Textiles & Fibre Art: Ararat Regional Art Gallery
Ararat Regional Art Gallery's collection demonstrates the ways artists have used textile materials and techniques to push the boundaries of contemporary practice.
Anthony Camm, Director, Ararat Regional Art Gallery and Paul Hooper, Mayor, Ararat Rural City Council discuss the gallery's internationally significant collection, spanning the heady days of the 1970's through to now. Featured in the video are artworks by John Corbett, Olga de Amaral, Tony Dyer, Kate Just, Sebastian De Mauro and Yvonne Koolmatrie.
Ararat Regional Art Gallery was established in 1968 by the Ararat community. And it was operated by the community until 2005, when Ararat Rural City Council took over the running of the Gallery.
We're one of the few municipalities that's blessed to have a regional art gallery. And it adds to our diversity, and cultural diversity. It adds to the offer that we have that makes us a little bit different to other small rural municipalities.
One of the most exciting things about the Ararat Regional Art Gallery is it has this incredible history as one of the few galleries in Australia to be actively engaged in presenting and promoting excellence in textile art and fiber art practices. We have over 1,200 objects in our permanent collection. But we offer a program which is diverse and changing. So the permanent collection isn't always on display.
So it's exciting to look back to the works that we have from the 1970s, '80s, and '90s. But also to be engaged in collecting and programming the work of artists which are working in really exciting new way.s there's so many younger contemporary artists that are using fiber materials now, that it's such an exciting time to be collecting textile and fiber-based work again.
One of our earliest acquisitions was Hammock by John Corbett. John Corbett became one of Australia's most significant textile artists. This work shows that way that soft materials, and weaving in particular, was used by the artist in to develop and exciting and unconventional approach to sculpture. It's a way which is of its time, but it's also a work which speaks quite strongly to people today.
Coraza en dos Colores by Olga De Amaral is one of the really significant works in our collection. She's an artist of immense international renown. De Amaral was really active during the 1970s and the 1980s in creating large-scale textile wall hangings to soften the public spaces in modernist buildings. And that's really where she established her reputation.
The work really came into the collection at a time when the gallery was new to collecting fiber art. So it was a strong affirmation of the gallery's commitment to establishing a fiber art specialization, not only in Australia, but internationally.
Another significant work from our collection is Tony Dyer's The Tourist Trap. What's interesting about The Tourist Trap is that from a distance it really looks like a painting. But as you get closer you can see that the imagery has been created through very complex dying processes. And there's also an interesting use of stitching and piecing in the work.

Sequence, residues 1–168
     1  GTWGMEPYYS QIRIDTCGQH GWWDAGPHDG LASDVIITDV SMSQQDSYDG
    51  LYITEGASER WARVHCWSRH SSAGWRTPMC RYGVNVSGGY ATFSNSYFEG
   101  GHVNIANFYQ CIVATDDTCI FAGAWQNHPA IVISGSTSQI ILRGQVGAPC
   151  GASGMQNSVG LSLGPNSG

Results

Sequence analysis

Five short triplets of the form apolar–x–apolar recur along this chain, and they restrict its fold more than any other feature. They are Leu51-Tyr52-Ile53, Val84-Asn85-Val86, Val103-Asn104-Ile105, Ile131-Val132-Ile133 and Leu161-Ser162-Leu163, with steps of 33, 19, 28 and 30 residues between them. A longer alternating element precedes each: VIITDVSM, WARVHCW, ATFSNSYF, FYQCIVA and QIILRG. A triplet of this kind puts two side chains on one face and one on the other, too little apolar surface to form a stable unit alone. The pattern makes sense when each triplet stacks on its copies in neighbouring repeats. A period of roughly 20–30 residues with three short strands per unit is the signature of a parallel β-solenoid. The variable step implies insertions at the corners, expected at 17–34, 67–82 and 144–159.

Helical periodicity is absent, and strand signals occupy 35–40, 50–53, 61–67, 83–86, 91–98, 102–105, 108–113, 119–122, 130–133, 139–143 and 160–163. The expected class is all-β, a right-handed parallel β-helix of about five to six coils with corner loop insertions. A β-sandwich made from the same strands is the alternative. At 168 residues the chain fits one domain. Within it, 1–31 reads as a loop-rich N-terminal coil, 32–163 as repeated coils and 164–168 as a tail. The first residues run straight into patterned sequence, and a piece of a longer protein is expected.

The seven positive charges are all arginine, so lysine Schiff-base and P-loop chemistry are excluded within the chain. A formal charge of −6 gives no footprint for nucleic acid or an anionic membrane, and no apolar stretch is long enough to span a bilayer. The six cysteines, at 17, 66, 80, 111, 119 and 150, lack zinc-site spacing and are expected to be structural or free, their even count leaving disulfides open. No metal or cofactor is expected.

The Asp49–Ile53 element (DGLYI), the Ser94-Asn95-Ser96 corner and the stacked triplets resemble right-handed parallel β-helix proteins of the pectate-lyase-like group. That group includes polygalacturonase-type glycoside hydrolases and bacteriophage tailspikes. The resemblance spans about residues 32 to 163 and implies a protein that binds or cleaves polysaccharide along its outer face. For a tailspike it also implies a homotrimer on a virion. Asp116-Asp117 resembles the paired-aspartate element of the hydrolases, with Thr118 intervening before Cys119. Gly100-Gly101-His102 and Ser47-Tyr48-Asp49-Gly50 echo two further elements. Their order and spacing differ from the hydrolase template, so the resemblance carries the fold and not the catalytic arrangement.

It's a work of art which people can respond to in a traditional sense. But also it's clearly very much informed by textile traditions from many different cultures.
Paradise by Kate Just is one of our most significant acquisitions in recent years. Significant in terms of its scale, but also in terms of its importance to the artist's practice. Paradise refers to second generation feminist art, which we hold in our collection. So it makes some really interesting connections to other works that we hold. But it also shows the way that younger artists are returning to practices such as knitting.
Surrender by Sebastian Di Mauro is one of our most recent acquisitions. It's a work that's made from neoprene-- the material that's used to make wetsuits. I was really interested in this work, because we don't hold a lot of three-dimensional works in our collection. So it's a work which pushes a number of boundaries for us. Both in terms of its form, but importantly through the use of an unconventional fiber material.
We had the opportunity to commission a Ngarrindjeri weaver, Yvonne Koolmatrie, to create a large eel trap for our permanent collection. And Yvonne Koolmatrie has being represented widely in public gallery exhibitions, including representing Australia at the Venice Biennale. It's made from woven sedge grass. And when you get close to the work, you can smell that material. So it really gives a strong sense of place. It's a work which refers to aboriginal material culture. It is an eel trap, but also a contemporary sculpture.
When I took the directorship at Ararat, I didn't have a background in fiber art. That's something I've become really passionate about. It's such an interesting field, both in terms of its history, and in terms of the very exciting ways and innovative ways, that artists are now working with textiles and with fiber materials. There's always something that's absolutely fascinating that we on display.